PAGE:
In most cases they act slower than electronic diverter valves but, more importantly, the ECU expects an electronic diverter valve for calculations it makes. The stock rev D diverter valve can hold the boost of a stage 1-2 tune and even sometimes stage 3 just fine. As long as it is operating/sealing properly. Folks often go from a Rev D OEM DV to a aftermarket DV/BoV and see that they are able to hold more boost but unless it is on a K04 or BT application which sees well over 22PSI then the only reason for this is that the stock Rev D DV they had was not sealing properly and needed replace. If they had replaced it with another new stock Rev D unit they would have seen the same results as with the aftermarket piece. Even in many cases on the K04/BT cars the stock Rev D DV holds the boost fine. It does for mine and it does for many companies high-performance race cars (APR uses the stock Rev D on their race cars making far more power than even my BT Passat).

If for some reason you want to upgrade anyway, replace it with a GFB to retain ECU control over the valve but to be stronger than stock. The reason you want to maintain the ECU electronic pulse-width modulation control over a DV unit (stock or GFB only) is because when the throttle valve closes and the motor is in overrun (translation: when you let off the throttle at WOT/high revs) back pressure develops in the turbo housing which reduces speed of the turbine and increases turbo lag for when you get back on the throttle. To combat this, the DV is opened by an electrical actuator which allows the air to blow back to the intake side to the turbine and maintain turbine speed. Then when the throttle valve reopens (when you hit the go pedal) the DV closes. These behaviors COMPLETELY rely on the pulse-width modulation (PMW) electrical signal from the ECU to operate correctly and that ONLY happens with the stock DV or the GFB DV+… so moral of the story is when you get a BOV with atmospheric release or even an analogue DV that doesn’t retain the connection to the ECU, you are robbing yourself of that design and performance/turbo spool advantage with the regular DV or GFB.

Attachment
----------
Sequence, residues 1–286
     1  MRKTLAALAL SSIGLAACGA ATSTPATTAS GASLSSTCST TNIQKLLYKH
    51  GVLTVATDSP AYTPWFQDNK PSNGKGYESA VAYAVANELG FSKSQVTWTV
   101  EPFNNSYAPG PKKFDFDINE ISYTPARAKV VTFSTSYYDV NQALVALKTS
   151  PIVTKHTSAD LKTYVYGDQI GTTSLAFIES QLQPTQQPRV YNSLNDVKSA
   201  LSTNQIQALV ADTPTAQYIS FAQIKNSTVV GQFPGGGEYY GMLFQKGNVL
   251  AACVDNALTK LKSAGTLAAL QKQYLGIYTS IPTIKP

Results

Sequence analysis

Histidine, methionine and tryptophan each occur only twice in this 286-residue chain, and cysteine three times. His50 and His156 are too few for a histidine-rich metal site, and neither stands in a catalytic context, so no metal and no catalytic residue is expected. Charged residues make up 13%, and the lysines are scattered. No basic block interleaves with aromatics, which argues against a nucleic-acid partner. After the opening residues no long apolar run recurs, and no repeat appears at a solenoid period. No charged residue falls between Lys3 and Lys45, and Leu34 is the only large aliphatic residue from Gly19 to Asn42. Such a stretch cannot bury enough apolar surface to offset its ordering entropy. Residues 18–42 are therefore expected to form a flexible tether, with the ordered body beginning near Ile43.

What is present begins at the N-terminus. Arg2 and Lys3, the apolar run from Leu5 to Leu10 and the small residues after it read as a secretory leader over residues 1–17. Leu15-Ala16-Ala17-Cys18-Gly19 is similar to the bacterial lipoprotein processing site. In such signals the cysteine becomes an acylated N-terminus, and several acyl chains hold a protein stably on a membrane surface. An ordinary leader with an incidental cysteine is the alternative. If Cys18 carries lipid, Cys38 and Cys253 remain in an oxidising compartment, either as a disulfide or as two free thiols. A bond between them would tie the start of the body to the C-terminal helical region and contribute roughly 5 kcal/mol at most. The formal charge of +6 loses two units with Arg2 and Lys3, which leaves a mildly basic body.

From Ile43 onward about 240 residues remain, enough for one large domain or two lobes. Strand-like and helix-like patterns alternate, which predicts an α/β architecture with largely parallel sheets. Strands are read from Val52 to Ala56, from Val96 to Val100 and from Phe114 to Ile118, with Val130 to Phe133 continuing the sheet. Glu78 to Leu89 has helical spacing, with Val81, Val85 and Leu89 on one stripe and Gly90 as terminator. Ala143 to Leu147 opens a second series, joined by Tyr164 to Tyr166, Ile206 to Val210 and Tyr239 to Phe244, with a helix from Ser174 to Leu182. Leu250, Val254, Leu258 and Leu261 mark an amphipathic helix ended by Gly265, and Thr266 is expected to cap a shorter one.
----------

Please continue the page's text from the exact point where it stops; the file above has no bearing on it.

which tuner would you recommend?
This is a highly contentious subject because it gets into the realm of the oft-debated "shelf vs. custom tune" area. I will give you my advice which is coming from personal experience in both camps (shelf tuning AND custom tuning/setups). Also, as a professional software engineer and avid researcher when it comes to my car build, you better believe I've delved into every bit of minutiae that these companies would discuss about the tuning parameters, variables, tables, maps, and the software itself. Obviously they aren't gonna tell me any of their trade secrets but the point is that, just by the nature of my profession, I have more insight into the end-user differences that are achieved by shelf tuning vs. custom tuning... and they really aren't that significant. It boils down to this: if you don’t plan to go with a setup that more or less needs custom tuning (e.g. non-standard hardware) then just stick to a shelf tune.